Officials won't say who's in custody, reports "Early Show" national correspondent Hattie Kauffman.
But California Attorney General Jerry Brown told CBS News, "We have a prescription that was fraudulently obtained for Vicadin in the name of Corey Haim, OK? And an individual connected with that operation has now been arrested. That's what we know."
Haim had acknowledged his addiction to powerful painkillers before he collapsed in his mother's apartment March 10.
Just after Haim died, "The Early Show" spoke to his friend and co-star, Corey Feldman. "Yes, there were prescription medications," Feldman said. "Yes, he was still weaning himself off of those prescription medications. And yes, he was still enduring an ongoing battle with drugs."
Investigators say Haim got thousands of pills from dozens of doctors, according to Kauffman.
"The addiction takes over," Brown remarked, "and the patient wants to keep going. They doctor shop, and when they can't get enough doctors to prescribe, then they go the illegal route."
That route involves fraudulent prescription pads, and forged doctor's signatures, Kauffman explains.
The question now, Kauffman points out, is how Haim got hold of so much Vicadin, Valium and other drugs as recently as a week before his death.
CBS News legal analyst Lisa Bloom says she thinks, "What's happened was with this first arrest, they're hoping to bring someone in to talk to law enforcement. Now they have a fire lit under this person because an arrest has been made. Probably, they're trying to get more information from this person against higher-ups in the drug ring so they can make further arrests. But … the drug ring has been called massive and I think this is just the first arrest."
Bloom says California authorities are trying to send a message about prescription drug fraud and abuse, taking it "very seriously. … Jerry Brown in this case has brought charges against one person. In the Anna Nicole (Smith) case, charges have been brought against two doctors and Anna Nicole's former boyfriend. (The doctor in the Michael Jackson case also faces counts).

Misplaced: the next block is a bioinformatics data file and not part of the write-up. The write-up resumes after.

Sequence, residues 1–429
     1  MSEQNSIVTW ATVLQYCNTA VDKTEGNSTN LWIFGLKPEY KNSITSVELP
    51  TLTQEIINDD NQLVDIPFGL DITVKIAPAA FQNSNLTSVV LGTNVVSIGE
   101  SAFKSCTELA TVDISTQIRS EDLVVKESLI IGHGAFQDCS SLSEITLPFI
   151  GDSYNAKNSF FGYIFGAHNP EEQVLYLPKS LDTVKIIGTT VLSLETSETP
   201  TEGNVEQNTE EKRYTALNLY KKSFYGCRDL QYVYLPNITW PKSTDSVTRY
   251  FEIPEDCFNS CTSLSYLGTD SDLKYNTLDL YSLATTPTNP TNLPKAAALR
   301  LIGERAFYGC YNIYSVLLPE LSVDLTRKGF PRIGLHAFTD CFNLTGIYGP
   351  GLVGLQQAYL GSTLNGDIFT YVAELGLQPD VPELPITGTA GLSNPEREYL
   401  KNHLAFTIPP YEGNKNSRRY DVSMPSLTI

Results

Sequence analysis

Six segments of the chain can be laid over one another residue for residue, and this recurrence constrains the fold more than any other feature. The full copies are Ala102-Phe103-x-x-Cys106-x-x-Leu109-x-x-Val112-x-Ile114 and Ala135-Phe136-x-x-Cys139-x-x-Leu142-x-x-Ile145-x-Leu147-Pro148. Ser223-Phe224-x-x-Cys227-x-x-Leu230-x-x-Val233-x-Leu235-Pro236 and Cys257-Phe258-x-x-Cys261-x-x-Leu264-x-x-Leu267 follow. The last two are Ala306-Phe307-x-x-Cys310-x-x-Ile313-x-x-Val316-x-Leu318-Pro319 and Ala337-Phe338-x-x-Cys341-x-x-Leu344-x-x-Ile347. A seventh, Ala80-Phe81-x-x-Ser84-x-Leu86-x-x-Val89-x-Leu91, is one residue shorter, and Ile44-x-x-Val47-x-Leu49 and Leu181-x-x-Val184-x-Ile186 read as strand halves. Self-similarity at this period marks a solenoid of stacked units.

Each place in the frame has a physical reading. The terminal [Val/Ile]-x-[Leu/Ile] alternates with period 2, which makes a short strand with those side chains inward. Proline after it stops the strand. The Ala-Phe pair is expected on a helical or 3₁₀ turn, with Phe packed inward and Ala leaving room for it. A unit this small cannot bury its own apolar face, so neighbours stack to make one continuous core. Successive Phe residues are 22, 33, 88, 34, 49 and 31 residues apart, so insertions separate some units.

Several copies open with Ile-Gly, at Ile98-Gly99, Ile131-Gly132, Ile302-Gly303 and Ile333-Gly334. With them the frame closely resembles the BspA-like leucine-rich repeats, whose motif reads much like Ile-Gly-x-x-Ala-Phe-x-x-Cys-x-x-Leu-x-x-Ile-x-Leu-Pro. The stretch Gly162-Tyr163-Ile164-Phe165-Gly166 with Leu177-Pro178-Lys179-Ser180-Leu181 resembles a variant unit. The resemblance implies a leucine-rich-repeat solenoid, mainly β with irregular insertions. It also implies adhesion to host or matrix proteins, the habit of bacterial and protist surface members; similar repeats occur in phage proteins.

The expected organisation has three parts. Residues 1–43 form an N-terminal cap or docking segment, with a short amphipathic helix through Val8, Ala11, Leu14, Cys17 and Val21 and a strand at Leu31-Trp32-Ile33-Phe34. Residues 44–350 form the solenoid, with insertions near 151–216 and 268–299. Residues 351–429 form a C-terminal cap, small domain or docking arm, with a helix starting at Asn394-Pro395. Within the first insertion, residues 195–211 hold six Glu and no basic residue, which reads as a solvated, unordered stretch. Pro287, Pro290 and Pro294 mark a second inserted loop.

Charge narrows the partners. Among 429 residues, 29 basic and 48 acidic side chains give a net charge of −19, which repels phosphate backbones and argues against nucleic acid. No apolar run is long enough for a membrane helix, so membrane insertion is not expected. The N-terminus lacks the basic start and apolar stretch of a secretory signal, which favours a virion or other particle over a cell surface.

"I think the message is getting out there and getting out there very clearly that, whether you are involved in prescription drug fraud as an identity theft individual, as a doctor who is negligently prescribing or overprescribing or as an individual who's doctor-shopping, the authorities will come after you."
What can be done to stop "doctor shopping"?
Dr. David Sack, CEO of Promises Treatment Centers, told co-anchor Maggie Rodriguez, "Doctors take their patients on faith, they take their word. And, so if someone's going from doctor-to-doctor, they're not going to know it. I think that it starts by asking every patient if they have a history of alcohol problems or other drug problems, because those patients are much more likely to abuse narcotics if they are prescribed. And I think the second thing is that patients frequently will start to call doctors for early refills and that's another indication that there may be something wrong."
Bloom says a national prescription drugs registry has been mentioned. "I can go to a doctor today, I could go to another doctor tomorrow and a third doctor the day after that, and try to get the same prescription medication if I'm an addict," Bloom notes. "And the only way to really prevent that is a national registry so doctors could check in and see what this patient has from other doctors. That wouldn't prohibit people from getting the drugs fraudulently, but it would be a help.
"The problem on the other side of that are privacy concerns. Patients are rightly concerned about having all of their drug medication out there in some kind of national registry, so that's the tension on that issue."